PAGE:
And the results might surprise you.
I’ve recently found giving myself a Dry Bar-inspired blow out in the comfort of my own bathroom gives me great joy. Not only does it make me feel great, glam, and gorgeous, it also saves me quite a bit of dough. The only downside to this little luxury is that it’s time-consuming (around 30 minutes to perfectly style my nearly shoulder-length hair). This detail does not jibe at all with my habit of waking up 20 minutes before I have to be on the train—most days I settle for approximately seven minutes of aiming the blow dryer at my hair, shrugging, and then putting it up in a pony tail. That said, I’m always looking for ways to speed up my routine: So far, I’ve found a life-saving helper (a suction-cup mount) and a miraculous product (Dry Bar’s Hot Toddy Heat & UV Protectant), but I still haven’t found anything that helps me get the half-hour hair I love in the time I have when running late.
Recently, Revlon’s new 360 Surround styler caught some buzz for being a new take on an old standard. Not only could it work as a standard “horizontal” blow dryer (one that blows out at your hair), but it also had a nozzle that would twist to a “vertical” position, allowing you to place your hair in between heated, blowing vents. For those having trouble picturing it, it’s sort of like those expensive Dyson hand dryers at fancy restaurants where you place your hands in between the two blades of air. As someone always looking for a shortcut, I was excited by the idea that I could potentially just slip my hair through the slit and—ta-da!—have beautiful hair.
And once I got my hands on a dryer, I found out that it was like that—kind of. It’s recommended that when using the hair dryer, you start drying your roots with the classic function, and then turn the nozzle to the 360-degree function to dry the rest of your strands. When doing this, I noticed that the one thing the hair dryer is really good at is tackling the front of your hair. It was remarkably easy to maneuver a round brush on the front sections of my hair. It gave me a really sleek and straight style, as if I had used a flat iron. However, it did not have the bounce or volume I get when I use my other blow dryer and a round brush.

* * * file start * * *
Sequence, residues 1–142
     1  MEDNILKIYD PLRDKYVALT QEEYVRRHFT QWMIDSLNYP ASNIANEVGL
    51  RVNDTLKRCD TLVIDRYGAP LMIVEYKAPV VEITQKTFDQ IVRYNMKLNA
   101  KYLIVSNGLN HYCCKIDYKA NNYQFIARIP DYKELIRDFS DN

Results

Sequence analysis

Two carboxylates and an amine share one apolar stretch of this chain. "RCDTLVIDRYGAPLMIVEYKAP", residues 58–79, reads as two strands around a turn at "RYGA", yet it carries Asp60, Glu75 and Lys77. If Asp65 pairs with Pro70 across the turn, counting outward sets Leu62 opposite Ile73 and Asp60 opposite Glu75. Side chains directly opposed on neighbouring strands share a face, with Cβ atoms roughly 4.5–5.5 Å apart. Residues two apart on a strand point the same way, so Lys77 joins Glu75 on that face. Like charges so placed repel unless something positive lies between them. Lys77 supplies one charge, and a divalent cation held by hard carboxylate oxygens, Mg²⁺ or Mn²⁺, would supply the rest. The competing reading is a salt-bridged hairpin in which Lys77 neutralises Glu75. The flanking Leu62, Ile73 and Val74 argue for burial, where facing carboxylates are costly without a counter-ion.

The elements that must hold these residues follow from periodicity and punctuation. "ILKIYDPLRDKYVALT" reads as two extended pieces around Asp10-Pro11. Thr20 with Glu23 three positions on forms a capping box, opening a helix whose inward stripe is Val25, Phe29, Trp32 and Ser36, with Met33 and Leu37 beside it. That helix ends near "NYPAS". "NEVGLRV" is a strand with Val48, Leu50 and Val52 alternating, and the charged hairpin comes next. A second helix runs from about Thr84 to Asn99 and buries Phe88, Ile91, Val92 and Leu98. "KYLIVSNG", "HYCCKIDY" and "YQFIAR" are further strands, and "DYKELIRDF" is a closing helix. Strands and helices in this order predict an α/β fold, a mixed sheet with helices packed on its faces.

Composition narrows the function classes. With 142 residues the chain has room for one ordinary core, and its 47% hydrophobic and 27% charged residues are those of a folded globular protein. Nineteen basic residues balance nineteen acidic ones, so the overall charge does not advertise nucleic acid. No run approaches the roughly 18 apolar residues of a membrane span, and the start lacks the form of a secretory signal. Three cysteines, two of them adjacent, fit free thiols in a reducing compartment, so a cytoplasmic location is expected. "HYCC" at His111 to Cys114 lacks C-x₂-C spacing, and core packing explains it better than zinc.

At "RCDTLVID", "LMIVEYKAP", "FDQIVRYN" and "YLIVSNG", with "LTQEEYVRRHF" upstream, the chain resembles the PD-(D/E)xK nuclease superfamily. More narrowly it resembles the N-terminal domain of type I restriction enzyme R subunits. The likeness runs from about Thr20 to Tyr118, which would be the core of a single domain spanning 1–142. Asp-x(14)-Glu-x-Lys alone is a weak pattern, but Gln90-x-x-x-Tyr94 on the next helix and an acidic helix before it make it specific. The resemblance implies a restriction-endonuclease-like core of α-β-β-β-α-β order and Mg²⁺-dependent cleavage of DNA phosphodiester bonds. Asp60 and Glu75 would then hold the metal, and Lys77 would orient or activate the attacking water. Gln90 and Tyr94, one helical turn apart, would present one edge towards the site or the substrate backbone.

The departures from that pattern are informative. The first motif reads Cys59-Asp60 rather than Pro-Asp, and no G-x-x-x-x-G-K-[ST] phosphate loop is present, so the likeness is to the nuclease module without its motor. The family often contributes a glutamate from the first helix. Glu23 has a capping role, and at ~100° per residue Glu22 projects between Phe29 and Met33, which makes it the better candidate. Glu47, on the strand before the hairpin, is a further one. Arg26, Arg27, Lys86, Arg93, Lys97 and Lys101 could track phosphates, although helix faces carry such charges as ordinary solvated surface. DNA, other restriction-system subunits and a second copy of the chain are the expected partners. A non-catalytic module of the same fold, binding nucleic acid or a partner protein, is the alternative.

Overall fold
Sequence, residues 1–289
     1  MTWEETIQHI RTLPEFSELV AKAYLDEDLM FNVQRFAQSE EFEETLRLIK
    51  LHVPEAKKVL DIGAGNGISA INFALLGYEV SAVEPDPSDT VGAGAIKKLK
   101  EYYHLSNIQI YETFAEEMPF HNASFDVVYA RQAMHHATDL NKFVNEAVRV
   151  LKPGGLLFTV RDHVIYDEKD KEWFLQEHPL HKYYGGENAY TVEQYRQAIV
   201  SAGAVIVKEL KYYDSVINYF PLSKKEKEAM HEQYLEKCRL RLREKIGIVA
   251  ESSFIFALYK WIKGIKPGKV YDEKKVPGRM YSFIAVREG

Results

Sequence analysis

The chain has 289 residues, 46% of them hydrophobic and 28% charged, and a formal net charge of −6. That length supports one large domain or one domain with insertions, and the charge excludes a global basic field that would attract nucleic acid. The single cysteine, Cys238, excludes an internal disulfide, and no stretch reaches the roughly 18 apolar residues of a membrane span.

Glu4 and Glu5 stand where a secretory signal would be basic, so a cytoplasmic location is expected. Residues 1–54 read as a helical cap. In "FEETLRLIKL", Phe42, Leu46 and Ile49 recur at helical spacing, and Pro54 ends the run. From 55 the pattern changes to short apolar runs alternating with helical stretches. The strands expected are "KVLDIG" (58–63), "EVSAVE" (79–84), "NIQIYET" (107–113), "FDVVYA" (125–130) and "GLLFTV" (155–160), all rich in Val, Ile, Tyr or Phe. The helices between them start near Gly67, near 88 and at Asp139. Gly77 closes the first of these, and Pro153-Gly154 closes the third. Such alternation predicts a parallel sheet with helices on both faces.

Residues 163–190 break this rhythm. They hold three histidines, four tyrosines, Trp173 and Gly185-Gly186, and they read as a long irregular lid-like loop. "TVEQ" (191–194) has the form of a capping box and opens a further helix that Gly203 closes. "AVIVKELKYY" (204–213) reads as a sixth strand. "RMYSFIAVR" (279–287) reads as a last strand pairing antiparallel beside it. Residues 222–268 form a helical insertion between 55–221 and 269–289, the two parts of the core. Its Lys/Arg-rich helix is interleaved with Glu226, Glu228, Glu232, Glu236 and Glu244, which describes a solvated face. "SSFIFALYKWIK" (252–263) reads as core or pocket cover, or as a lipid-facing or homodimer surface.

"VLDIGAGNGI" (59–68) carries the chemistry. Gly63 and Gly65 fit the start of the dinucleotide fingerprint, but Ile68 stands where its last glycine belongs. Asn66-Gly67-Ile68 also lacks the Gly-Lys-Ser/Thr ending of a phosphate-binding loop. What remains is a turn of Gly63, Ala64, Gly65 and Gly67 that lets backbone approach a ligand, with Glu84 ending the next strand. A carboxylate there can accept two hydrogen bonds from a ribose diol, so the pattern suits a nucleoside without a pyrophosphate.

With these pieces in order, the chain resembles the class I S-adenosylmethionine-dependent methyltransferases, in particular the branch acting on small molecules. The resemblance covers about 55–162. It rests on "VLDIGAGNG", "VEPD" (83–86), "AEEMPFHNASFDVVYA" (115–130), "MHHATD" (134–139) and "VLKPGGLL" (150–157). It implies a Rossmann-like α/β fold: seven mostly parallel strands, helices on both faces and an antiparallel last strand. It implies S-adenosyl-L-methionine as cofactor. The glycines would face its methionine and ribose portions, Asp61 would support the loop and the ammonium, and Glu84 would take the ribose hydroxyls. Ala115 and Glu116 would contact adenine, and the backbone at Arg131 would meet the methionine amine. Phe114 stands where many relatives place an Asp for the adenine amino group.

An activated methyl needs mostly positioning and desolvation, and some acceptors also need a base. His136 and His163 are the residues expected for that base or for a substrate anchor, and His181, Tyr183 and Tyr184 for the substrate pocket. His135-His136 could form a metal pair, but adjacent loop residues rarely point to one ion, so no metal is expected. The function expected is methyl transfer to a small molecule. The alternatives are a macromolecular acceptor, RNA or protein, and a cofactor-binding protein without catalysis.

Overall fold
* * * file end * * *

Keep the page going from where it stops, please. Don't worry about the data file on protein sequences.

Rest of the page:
Once I got to the back portion of my head, the whole experienced changed. It was a total mess. The blow dryer is chunky, so it was difficult trying to maneuver my head and the tool so I could insert my hair at the correct angle. Eventually, I found it so frustrating that I ended up switching the nozzle back to the classic function and just doing it that way. The dryer is noticeably less powerful than the one I usually use (my beloved Theorie Saga Airshine dryer—a trusty beauty tool that has, sadly, been discontinued!), and therefore took a little longer to dry. In all, the process took maybe 15-20 minutes to get a sleek style, leaving me somewhere between my running late style and my professional-looking 30 minute process.
The bottom line? If you’re game to accept that learning how to maneuver the hair dryer will be a process, then go for it. I guarantee people more coordinated (or with longer hair) than I can do amazing things with this. But if you’re impatient like me, I think it’s better to invest in a higher power blow dryer that takes less arm work.